A Personal Overview of The Tragically Hip's 13 Studio Albums: Part 4 / by Aaron Adair

Part 4: How Bob Rocks (World Container-We Are the Same)

If you’re around my age, you’ll remember what happened when Bob Rock produced Metallica’s Black Album. He took an already successful band, changed up their regular studio tendencies, and ended up with a legendary rock record. Some fans hated it—the sound had changed too much; the band wasn’t as heavy as they used to be. But this producer-band union opened the band’s catalogue up to a diverse new audience.
So what would happen when Bob Rock combined with Canada’s rock n roll guys next door? The Hip added two albums to their catalogue where they take risks, step outside of their tried and true formulas, and continue their evolution by maturing as songwriters and performers.

World Container

Here’s my nostalgia trip for this entry. When I was first getting into this record after its release, I was on a trip through Southern France (pretty nice, hey?). Anyways, there was a specific stretch where I was sitting in the front of a bus travelling through the countryside of Provence. Man, it was beautifully peaceful. Well, on my iPod mini, I couldn’t stop listening to the first four songs on World Container. There was a new sound for The Hip here; and the songs—the first four in particular—were undeniably catchy. “Yer Not the Ocean” is more in your face than the band had sounded since Phantom Power; “The Lonely End of the Rink” is everything I love about a Gord Downie lyric (the title alone does it for me); “In View”—I’ll get to in a bit; and “Fly”, despite being a more cliché title for Downie, is positive and infectious.

Bob Rock gave the sound of this record more body than the Hip’s past recordings. He also seems to have influenced the arrangements of their songs. Everything on this record follows a more traditional pop structure. For example, the signature guitar solo at the end of many epic Hip tracks is moved to the middle of songs. Choruses are more predictable and very catchy. This is a major shift from the albums I focused on in Part 3 of this blog.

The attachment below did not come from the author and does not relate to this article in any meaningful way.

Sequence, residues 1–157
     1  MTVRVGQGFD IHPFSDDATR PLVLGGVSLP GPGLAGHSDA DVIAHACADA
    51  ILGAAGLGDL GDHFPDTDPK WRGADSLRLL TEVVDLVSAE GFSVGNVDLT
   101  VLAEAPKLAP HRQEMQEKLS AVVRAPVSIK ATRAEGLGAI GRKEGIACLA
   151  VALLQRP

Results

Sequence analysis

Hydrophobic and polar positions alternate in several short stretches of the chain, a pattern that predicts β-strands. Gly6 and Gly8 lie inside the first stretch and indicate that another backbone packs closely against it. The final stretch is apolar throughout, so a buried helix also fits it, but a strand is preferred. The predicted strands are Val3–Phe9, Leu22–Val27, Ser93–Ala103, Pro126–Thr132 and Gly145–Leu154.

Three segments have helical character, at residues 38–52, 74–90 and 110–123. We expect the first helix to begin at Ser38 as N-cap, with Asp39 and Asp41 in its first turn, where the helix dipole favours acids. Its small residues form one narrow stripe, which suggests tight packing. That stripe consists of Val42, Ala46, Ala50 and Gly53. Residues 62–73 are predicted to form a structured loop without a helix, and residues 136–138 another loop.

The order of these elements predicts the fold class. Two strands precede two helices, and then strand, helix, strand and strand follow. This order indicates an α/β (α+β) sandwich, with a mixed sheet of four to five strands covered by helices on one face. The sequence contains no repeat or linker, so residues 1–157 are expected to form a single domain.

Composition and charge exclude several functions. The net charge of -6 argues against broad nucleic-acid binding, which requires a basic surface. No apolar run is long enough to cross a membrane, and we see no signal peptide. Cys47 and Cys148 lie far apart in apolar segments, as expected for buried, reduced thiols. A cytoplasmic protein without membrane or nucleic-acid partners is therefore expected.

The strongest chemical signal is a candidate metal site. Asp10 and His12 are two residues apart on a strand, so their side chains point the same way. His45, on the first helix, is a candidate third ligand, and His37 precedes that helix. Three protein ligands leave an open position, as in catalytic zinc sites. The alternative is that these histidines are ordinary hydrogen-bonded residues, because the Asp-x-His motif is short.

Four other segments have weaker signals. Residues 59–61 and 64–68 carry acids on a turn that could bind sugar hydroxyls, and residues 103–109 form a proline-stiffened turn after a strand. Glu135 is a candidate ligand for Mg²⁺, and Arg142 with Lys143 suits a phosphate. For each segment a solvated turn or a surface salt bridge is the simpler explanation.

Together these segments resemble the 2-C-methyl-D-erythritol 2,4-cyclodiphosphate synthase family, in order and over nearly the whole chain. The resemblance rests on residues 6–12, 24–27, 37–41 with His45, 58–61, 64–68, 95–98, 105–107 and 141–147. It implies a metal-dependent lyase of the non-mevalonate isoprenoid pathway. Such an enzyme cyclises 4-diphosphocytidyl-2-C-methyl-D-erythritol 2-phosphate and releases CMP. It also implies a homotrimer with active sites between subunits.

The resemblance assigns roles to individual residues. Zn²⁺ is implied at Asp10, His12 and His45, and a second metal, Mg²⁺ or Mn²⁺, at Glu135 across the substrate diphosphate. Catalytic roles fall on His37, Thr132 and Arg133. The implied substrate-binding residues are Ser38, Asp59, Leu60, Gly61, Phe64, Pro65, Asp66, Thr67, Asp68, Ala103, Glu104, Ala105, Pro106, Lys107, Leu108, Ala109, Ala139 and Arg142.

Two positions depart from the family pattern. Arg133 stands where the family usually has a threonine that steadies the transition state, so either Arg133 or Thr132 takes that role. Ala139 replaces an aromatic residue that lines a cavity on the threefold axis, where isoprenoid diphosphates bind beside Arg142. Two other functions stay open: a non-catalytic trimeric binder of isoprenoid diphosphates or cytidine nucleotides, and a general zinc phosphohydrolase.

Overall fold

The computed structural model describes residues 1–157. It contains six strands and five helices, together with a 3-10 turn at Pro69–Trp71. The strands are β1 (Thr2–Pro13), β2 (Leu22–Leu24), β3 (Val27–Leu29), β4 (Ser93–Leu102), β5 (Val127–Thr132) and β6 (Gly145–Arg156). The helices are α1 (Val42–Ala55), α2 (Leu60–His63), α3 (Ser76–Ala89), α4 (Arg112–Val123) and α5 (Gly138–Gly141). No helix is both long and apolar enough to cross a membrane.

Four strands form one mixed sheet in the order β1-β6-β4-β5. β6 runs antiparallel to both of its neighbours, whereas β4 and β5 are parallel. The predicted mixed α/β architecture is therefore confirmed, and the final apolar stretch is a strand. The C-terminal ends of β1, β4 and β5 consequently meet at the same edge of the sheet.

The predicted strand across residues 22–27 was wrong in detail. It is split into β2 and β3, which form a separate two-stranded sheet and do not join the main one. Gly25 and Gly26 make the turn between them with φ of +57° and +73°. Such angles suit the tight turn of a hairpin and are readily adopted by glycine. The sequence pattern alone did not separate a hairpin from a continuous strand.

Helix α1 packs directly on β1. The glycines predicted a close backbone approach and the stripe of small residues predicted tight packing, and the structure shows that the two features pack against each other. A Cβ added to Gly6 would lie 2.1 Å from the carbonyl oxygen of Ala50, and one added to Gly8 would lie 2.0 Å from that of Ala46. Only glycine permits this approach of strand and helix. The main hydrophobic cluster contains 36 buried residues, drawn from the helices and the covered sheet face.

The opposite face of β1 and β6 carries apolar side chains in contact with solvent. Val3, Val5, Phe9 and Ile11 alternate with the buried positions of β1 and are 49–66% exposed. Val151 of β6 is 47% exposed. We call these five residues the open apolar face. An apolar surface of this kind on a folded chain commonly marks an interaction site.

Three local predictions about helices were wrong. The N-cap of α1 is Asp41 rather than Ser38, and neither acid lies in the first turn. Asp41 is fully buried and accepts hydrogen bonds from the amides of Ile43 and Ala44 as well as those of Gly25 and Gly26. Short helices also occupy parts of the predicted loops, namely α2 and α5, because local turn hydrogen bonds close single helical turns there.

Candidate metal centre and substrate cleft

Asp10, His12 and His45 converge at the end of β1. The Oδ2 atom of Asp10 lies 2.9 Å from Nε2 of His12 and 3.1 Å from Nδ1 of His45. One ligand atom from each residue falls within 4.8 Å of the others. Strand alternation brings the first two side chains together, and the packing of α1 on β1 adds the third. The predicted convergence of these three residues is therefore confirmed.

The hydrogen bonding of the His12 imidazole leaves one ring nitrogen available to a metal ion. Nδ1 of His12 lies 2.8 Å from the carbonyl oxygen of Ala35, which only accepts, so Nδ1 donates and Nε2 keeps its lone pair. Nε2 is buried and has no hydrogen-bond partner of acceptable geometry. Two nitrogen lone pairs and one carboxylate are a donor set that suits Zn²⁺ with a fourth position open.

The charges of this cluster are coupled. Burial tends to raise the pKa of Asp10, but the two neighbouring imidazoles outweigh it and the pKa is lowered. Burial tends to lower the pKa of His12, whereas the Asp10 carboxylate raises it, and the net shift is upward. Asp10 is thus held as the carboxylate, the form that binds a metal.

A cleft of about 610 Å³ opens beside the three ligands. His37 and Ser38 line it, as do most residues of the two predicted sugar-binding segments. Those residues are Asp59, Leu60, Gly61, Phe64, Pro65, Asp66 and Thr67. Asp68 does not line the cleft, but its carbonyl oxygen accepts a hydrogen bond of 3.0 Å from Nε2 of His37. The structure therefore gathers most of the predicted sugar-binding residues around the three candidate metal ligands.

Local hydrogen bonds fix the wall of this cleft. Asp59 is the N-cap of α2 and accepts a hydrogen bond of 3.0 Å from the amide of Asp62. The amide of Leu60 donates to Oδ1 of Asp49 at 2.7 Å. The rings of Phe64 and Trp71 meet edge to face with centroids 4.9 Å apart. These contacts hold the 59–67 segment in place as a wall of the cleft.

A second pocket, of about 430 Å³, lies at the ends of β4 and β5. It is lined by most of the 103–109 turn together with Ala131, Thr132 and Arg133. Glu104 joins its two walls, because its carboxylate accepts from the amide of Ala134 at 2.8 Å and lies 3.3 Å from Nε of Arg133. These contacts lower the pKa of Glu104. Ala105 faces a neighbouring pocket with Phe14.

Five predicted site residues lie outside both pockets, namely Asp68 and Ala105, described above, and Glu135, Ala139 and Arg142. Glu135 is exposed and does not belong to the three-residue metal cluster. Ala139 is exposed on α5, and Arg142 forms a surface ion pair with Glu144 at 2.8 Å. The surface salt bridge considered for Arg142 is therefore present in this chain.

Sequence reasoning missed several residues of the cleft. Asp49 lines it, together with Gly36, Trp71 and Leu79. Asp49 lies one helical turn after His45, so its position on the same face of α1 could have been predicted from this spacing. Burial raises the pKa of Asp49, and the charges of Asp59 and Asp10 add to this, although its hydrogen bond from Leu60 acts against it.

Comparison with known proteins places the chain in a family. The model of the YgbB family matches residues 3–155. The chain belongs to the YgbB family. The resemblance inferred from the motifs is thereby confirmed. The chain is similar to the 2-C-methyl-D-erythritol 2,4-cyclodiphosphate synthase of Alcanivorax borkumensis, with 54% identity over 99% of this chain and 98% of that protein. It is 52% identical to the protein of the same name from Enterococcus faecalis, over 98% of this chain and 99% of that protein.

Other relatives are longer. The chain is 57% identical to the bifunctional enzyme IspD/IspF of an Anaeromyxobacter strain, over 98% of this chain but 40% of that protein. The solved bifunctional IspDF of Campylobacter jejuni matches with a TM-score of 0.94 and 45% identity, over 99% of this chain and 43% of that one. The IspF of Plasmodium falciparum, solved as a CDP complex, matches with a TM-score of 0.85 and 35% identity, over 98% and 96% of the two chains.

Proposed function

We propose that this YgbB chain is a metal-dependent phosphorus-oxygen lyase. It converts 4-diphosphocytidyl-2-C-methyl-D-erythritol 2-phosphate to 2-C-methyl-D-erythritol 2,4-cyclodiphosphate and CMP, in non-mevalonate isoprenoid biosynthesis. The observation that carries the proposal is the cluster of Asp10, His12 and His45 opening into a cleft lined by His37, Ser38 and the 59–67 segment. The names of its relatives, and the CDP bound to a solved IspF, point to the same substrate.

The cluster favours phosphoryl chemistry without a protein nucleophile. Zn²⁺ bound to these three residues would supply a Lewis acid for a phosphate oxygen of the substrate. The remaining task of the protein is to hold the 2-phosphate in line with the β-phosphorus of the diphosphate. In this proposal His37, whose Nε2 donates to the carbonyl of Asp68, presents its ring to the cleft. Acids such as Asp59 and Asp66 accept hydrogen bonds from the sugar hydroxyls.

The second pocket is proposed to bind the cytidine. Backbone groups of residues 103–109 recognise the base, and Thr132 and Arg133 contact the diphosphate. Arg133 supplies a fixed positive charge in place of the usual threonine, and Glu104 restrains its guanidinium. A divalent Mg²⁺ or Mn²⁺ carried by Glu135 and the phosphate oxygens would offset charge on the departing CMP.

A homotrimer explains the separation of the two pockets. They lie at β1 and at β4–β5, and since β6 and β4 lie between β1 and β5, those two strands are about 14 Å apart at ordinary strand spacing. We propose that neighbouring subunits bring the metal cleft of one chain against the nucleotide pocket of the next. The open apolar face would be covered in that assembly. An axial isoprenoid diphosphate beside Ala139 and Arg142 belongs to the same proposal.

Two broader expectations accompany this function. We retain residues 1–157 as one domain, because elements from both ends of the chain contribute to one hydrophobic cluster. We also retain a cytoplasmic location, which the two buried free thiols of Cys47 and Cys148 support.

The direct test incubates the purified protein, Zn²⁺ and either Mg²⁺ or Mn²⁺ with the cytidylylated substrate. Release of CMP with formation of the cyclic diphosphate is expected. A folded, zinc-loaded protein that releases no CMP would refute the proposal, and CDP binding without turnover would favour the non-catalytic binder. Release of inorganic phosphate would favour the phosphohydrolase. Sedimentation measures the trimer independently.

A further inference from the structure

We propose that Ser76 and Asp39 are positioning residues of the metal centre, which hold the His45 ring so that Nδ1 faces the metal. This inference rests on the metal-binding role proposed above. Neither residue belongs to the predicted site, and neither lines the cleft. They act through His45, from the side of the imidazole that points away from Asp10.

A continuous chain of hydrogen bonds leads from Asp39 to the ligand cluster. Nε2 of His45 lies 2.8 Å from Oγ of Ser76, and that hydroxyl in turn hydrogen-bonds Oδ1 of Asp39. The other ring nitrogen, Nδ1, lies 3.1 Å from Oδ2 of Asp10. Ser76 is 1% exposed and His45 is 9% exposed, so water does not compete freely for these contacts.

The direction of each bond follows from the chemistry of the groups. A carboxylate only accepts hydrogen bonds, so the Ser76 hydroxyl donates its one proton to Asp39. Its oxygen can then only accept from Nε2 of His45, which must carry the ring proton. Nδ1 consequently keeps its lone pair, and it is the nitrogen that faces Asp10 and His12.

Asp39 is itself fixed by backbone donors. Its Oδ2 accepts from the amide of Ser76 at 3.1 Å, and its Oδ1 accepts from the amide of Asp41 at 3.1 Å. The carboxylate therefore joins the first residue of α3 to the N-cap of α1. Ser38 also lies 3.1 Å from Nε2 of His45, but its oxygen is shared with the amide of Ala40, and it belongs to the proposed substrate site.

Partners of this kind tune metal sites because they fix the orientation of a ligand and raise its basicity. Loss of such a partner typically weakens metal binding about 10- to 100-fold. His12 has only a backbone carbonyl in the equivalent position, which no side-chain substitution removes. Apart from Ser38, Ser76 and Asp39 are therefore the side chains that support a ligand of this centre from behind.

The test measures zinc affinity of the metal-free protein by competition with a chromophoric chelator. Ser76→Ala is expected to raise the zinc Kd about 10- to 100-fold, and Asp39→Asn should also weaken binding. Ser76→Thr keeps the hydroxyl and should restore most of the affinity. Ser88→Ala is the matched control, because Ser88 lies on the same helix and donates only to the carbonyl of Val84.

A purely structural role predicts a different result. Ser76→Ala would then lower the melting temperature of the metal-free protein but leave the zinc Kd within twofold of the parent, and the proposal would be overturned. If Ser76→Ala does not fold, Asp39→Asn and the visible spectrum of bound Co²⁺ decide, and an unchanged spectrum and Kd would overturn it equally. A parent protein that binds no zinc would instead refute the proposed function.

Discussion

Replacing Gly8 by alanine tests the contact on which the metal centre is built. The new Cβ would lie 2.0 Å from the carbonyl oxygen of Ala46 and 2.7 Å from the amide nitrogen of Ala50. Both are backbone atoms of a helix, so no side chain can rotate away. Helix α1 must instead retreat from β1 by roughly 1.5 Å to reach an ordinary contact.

This shift works in a lot of ways. “In View”, easily the band’s closest attempt at a pop song, is so upbeat that it'll make the sun shine through a storm in Saskatchewan, Provence, or Southern "Ontari-ari-o". I really dig this song. I know it’s great because my wife automatically starts bobbing her head when it comes on.

These first four songs and the two that follow—“Luv (Sic) and “The Kids Don’t Get It”—can get stuck in your head quite easily; some may not like the pop influence, but it’s the first time this has happened on a Hip record this consistently since Fully Completely. Downie’s vocal delivery on tracks like  “The Kids…” is also playful and powerful—something that continues through the rest of the Hip’s catalogue.

Beyond these tracks is where a slight dilemma lies: the rest of the record doesn’t match the intensity and quality of the first six tracks; it's like my feeling toward Music @ Work. There are good songs outside of the singles, but are the changes to the band’s tried and true formulas to blame? Quite possibly. Is "In View" just too damn catchy? Most definitely.

Modern Gem of this record: Listen to intently to the lyrics in “Fly” and think of Gord Downie. I hope he’s made it to Moonbeam.

We Are The Same

In a previous blog, I alluded to how playing Hip tunes around a campfire was my introduction to songwriting and musicianship. We Are The Same seems to be the most perfect record to sit and strum along to since Road Apples. So, allow me to have a conversation with myself: